PHILADELPHIA – A Philadelphia meat company has a beef with Springdale, Ark.-based Tyson Foods Inc.
Parks LLC is suing Tyson Foods and The Hillshire Brands Co. for trademark infringement and false advertising. The company filed the complaint in US District Court in Pennsylvania Eastern District. Parks claims Tyson and Hillshire appropriated Parks' brand by using "Park's Finest" on Ball Park's brand of premium frankfurters.
“Defendants’ adoption of Parks’ trademark PARKS and use in advertising their products was made with the intention of preempting PARKS and replacing Parks as the recognized owner the PARKS trademark for processed-meat products, including sausage links,” the complaint states.
Tyson said the company is reviewing the complaint and was unable to provide comment.
Parks LLC began as the HG Parks Sausage Company, which was founded in 1950 by Henry G. Parks in Baltimore, Md. For 13 years, Henry Parks led the company through a continuous expansion. The company later became famous as the first black-owned corporation to be listed on an American stock exchange — the New York Stock Exchange 1969.
But after his death in 1989, the company fell into decline. HG Parks Sausage Company went bankrupt in 1995. Former National Football League stars Franco Harris and Lydell Mitchell bought the company. The two businessmen later entered into a license agreement with Dietz & Watson, which later moved production of Parks meat products to Philadelphia where production continues today.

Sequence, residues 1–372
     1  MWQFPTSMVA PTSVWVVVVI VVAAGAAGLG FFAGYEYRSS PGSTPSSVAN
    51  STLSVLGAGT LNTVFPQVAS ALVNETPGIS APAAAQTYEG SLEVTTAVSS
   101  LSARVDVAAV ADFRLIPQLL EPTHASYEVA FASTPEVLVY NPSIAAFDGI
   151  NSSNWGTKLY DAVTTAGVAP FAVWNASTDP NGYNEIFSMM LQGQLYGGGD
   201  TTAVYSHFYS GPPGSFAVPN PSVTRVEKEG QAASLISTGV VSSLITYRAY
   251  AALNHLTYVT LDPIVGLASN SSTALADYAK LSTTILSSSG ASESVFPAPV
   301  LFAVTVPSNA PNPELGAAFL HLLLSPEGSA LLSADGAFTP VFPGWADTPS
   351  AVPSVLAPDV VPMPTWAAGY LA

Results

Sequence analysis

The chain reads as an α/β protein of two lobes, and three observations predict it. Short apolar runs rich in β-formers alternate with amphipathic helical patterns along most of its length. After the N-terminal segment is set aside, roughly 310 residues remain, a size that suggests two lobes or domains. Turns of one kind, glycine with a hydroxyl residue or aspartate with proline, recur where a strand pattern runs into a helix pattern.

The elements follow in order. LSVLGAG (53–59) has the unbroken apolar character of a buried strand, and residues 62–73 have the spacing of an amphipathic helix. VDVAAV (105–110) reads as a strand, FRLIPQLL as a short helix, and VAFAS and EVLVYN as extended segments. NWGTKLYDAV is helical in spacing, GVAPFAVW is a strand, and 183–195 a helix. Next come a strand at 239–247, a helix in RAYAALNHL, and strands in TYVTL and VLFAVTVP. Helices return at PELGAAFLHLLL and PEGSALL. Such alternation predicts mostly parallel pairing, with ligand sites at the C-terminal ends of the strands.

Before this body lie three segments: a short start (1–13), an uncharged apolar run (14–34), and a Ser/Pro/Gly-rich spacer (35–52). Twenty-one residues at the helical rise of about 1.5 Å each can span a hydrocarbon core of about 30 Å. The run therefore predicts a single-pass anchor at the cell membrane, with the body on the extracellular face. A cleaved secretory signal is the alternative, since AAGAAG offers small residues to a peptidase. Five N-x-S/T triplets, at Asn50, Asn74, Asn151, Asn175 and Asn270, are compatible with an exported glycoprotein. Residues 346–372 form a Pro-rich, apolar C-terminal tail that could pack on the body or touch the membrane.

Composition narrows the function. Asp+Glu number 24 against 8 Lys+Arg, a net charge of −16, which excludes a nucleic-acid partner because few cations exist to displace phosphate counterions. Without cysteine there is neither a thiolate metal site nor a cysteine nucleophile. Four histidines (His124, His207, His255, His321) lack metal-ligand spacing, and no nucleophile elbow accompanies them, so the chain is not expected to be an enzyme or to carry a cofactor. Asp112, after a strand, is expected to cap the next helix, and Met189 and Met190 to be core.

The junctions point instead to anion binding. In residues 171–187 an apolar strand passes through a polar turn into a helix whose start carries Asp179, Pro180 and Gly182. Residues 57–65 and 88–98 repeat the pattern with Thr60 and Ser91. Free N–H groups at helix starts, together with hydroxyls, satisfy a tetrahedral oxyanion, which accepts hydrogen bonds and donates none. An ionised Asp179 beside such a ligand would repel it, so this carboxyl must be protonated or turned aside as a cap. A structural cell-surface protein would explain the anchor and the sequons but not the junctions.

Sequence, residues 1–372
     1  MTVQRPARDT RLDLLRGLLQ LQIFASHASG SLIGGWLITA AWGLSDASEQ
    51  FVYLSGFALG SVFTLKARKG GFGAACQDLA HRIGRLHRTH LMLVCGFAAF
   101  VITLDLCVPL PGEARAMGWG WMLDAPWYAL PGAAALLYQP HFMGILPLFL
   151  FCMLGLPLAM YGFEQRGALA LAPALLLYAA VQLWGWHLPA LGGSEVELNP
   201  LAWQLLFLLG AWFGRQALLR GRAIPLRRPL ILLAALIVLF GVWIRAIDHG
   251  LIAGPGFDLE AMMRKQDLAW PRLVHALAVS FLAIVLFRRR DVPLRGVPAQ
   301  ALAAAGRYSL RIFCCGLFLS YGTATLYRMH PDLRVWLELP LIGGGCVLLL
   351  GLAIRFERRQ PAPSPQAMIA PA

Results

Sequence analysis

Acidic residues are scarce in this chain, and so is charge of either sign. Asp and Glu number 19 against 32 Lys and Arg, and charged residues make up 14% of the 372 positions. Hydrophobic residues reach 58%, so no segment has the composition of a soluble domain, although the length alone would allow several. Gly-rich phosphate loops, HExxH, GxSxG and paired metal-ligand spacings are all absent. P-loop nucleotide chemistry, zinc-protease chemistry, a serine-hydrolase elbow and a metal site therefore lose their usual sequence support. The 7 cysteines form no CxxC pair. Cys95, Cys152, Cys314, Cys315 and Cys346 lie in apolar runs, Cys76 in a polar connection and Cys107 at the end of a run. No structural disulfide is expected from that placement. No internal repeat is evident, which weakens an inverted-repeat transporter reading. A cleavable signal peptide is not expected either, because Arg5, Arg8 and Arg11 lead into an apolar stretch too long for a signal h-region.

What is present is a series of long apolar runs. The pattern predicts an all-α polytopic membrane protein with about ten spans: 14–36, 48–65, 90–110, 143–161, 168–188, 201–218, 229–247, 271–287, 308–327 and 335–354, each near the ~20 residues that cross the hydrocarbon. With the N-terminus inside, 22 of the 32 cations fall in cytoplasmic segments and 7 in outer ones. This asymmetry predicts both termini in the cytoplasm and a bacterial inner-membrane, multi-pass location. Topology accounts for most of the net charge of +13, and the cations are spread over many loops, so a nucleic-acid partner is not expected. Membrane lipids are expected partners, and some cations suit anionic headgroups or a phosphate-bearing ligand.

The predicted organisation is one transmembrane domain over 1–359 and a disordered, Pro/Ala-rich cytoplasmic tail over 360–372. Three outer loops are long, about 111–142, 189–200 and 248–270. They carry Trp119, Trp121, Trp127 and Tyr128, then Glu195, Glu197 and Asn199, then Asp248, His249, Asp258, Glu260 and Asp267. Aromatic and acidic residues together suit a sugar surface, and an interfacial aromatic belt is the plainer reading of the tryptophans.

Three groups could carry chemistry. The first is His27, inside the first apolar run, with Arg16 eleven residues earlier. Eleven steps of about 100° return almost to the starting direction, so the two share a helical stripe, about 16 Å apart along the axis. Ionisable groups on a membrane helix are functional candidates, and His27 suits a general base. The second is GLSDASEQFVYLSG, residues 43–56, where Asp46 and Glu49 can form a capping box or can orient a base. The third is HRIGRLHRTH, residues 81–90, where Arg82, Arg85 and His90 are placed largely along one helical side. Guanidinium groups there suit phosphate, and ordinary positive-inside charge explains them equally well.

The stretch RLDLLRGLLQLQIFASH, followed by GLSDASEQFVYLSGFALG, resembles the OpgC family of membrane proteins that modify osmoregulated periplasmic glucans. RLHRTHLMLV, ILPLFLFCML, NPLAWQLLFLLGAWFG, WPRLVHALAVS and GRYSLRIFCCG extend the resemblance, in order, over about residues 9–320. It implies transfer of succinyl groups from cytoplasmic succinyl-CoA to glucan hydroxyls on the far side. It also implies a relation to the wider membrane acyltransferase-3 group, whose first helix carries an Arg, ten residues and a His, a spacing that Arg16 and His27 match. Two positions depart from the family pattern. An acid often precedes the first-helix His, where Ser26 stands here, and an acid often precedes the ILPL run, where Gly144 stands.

The defendants claim Tyson and Hillshire knew about the Parks brand before Ball Park’s launch of Park’s Finest in 2014.
“Defendants and Parks had, prior to 2014, been direct competitors in the sale of processed meats including sausage links, placing their processed meat products side by side in the same supermarkets and other stores,” according to court documents.
When Ball Park launched Park’s Finest, promotions included television, digital, social media, shopper marketing and public relations. Tyson’s decision to expand the Park’s Finest brand to include additional products along with supporting promotions threatens to dilute the Parks trademark, the lawsuit alleges.
“Defendants’ use of the trademark PARK’S FINEST is likely to cause reverse confusion among consumers in that because of their size and overwhelming marketing and advertising resources compared to Parks, consumers may believe that Defendants, the newcomer, not Parks, the original, is the owner of the PARKS trademark,” according to the complaint.